The shows were The Vanishing Village and the new Dr. Mildew’s Marvelous Musical Merriment Show, both written and directed by Paul Hanna, with music by Marlo and Lutia Lauzon. The Vanishing Village told the story of Jewett’s Mills, a village destroyed when the Mactaquac Dam was built. This play was designed and presented for junior and high school students. Dr. Mildew entertained the elementary children, and had the audience singing, clapping, dancing, gasping in amazement, laughing and even juggling.
In the summer of 1977 the Young Company returned once again the King’s Landing with the melodrama Dash Leaves the Theatre, and of course the very successful Dr. Mildew. Ilkay Silk, who had acted with the company for the past three winters, directed the melodrama while Walter Learning directed Dr. Mildew. That summer the attendance at the Morehouse Theatre increased by over 2000 as compared to the previous year, and for the first time at King’s Landing, the Young Company experienced a profit, $909.00 to be exact. This success was aided greatly by assistance from Young Canada Works in the amount of $6424.
In June, rehearsals began for the summer melodrama The Drunkard while King’s Landing prepared for the Young Company’s fourth season at the Morehouse Theatre. As in the previous year the staff at King’s Landing contributed to the Victorian style entertainment by constructing costumes for the players.
Funding for the 1978 Young Company operations come again from the Canada Council and the Province of New Brunswick, $17,200 and $8000 respectively along with a generous donation from the Beaverbrook Canadian Foundation in the amount of $11,770.
For the winter season of 1978-79, the Young Company changed its policy of the past few years by selecting scripts already published, rather than having local writers prepare new material for them. The plays were Anton Chekhov’s The Marriage Proposal and Canadian writer Eric Nicol’s The Clam Made A Face. Both proved to be very successful, being well received by audiences all over New Brunswick. This new season also saw the arrival of Theatre New Brunswick’s new Artistic Managing Director Malcolm Black. Mr. Black directed The Marriage Proposal, while Paul Hanna directed The Clam Made A Face. The Young Company closed its season in early June at Brunswick Square in Saint John.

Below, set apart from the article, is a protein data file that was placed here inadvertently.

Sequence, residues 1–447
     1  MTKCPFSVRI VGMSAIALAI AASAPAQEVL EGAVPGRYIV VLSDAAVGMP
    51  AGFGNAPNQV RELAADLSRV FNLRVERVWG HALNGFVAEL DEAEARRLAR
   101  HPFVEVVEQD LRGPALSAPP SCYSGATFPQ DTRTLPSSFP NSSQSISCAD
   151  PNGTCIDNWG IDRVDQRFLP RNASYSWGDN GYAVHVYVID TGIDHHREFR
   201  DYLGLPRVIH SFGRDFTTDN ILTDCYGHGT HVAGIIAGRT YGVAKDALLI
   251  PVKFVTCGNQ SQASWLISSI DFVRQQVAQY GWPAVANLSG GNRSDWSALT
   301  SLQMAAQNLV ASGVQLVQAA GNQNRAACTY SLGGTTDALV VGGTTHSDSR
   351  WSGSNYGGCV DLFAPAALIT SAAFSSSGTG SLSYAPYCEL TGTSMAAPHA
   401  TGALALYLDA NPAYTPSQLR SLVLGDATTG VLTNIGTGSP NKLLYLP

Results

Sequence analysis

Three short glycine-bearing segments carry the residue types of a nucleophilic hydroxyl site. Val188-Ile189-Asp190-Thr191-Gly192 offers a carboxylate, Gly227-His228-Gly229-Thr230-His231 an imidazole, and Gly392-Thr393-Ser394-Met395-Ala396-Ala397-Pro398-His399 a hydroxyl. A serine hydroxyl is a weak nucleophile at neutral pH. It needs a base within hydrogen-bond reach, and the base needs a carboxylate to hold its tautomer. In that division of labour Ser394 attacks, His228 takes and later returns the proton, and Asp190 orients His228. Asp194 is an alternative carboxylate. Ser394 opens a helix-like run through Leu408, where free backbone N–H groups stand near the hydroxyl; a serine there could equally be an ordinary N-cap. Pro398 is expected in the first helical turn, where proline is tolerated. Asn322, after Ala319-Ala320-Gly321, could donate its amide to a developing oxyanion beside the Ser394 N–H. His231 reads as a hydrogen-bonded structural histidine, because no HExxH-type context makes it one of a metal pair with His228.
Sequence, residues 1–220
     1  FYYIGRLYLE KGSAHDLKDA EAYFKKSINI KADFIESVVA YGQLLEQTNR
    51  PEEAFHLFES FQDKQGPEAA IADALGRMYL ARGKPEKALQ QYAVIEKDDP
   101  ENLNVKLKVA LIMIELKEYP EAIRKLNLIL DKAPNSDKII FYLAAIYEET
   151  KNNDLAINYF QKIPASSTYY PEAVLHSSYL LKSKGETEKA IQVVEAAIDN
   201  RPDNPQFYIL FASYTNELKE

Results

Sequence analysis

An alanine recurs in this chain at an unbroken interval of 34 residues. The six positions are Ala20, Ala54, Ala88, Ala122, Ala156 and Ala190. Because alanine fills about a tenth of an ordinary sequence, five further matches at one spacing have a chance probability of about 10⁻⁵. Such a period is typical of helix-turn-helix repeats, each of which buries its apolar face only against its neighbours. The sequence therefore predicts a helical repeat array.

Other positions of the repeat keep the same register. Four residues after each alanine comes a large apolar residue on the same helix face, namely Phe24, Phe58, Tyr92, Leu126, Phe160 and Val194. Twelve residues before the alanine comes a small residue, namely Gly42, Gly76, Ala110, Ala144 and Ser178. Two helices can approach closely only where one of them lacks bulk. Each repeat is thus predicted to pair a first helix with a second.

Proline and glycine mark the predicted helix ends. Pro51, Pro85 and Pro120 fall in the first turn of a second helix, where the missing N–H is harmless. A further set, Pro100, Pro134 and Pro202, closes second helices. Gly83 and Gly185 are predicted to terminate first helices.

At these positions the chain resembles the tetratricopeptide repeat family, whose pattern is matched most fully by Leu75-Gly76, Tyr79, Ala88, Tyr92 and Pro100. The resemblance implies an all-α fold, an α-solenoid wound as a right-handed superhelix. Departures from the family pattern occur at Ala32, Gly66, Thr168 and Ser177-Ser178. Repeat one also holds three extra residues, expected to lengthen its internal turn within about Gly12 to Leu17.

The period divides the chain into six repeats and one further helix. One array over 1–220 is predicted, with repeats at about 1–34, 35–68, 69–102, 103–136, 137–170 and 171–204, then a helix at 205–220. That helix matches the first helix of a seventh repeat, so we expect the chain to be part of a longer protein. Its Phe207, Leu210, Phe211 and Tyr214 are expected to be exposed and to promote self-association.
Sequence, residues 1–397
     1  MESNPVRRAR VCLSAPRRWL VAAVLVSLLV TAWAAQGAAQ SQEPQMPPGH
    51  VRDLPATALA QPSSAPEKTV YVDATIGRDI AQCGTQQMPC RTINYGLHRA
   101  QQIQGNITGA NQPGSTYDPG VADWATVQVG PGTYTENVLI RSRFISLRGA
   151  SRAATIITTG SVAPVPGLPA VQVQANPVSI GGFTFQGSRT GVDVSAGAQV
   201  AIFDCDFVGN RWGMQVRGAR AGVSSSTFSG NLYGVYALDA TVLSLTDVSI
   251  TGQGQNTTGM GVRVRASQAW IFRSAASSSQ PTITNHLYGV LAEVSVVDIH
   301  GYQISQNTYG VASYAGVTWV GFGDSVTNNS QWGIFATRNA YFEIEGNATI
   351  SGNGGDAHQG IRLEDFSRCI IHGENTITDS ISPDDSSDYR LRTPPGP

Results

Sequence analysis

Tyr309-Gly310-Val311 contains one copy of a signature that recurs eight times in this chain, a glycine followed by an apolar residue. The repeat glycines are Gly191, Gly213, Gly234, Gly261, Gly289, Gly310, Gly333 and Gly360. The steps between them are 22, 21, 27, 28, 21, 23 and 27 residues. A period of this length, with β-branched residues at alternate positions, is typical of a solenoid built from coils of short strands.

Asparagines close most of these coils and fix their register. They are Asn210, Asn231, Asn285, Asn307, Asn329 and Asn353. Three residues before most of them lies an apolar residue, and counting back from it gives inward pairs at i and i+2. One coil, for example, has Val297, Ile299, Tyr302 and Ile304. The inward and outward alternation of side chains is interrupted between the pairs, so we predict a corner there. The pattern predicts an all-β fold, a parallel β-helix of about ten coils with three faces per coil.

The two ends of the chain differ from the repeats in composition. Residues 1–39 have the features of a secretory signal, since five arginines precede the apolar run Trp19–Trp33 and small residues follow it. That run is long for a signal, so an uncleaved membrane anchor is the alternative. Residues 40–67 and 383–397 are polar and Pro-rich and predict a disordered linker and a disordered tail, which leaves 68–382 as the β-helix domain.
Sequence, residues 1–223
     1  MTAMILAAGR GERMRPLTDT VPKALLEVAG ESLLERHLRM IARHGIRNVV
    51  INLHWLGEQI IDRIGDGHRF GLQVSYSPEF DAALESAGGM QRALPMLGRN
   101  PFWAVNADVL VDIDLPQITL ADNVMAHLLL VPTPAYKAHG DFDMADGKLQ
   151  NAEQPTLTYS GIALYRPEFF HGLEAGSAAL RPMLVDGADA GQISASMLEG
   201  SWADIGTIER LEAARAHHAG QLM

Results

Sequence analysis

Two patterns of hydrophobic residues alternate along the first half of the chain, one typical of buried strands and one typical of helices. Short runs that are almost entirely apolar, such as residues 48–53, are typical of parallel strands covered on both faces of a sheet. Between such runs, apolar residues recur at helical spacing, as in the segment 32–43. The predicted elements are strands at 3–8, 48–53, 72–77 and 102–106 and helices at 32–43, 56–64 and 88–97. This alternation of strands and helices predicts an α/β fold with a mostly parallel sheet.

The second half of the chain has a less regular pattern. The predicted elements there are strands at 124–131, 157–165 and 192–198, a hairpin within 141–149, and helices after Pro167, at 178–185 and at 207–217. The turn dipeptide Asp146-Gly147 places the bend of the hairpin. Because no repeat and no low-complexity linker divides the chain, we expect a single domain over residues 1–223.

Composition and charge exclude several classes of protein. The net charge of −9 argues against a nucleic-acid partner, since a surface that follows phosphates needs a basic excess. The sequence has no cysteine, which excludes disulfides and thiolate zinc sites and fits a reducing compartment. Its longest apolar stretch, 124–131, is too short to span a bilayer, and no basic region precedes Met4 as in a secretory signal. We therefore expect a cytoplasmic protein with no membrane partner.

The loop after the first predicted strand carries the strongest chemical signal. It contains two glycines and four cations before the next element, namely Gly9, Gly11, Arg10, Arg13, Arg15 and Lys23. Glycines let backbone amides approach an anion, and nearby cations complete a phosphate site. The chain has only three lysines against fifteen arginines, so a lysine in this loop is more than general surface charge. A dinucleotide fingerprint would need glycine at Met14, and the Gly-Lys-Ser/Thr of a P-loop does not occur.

The 1978 winter season incorporated the talents of two local writers, David Etheridge and Ilkay Silk. Mr. Etheridge wrote a play for grades 1-6 entitled, A Peaceable People, which told a story of the history of the Acadians in New Brunswick. Ms. Silk also wrote of New Brunswick history in a play presented to children grades 7-12 entitled, John Gyles: An Indian Experience. Both of these plays toured the province until May, at which time The All New Dr. Mildew’s Marvelous, Magical, Musical, Medicine Show was preparing to hit the road on an extended tour of Newfoundland, Nova Scotia and areas of New Brunswick before opening at King’s Landing. James Duplacey became the new Dr. Mildew with Alice Hamilton as his assistant.
By late June, three new actors were in rehearsal for the opening performance on July 4, of the 1979 Summer Company. The play, Box and Cox by John Maddison Morton was directed by Ilkay Silk.
The Young Company has experienced its difficulties since its inception in 1974, but these have always been outweighed by its numerous gratifications and wide-ranging success. The Young Company’s popularity as a children’s theatre is unmatched in Eastern Canada, and is fast approaching, if it has not already reached, the number one position for children’s theatre in the country.
– Author Unknown
TNB Young Company’s 45th anniversary season will include two productions. Boys, Girls and Other Mythological Creatures by Mark Crawford and It’s A Girl! by Michelle Raine and Alexis Milligan will tour New Brunswick schools this winter.
TNB Young Company’s annual school tour is made possible in part by support received from Canada Life, Corey Ford, the Canada Council for the Arts and the Province of New Brunswick.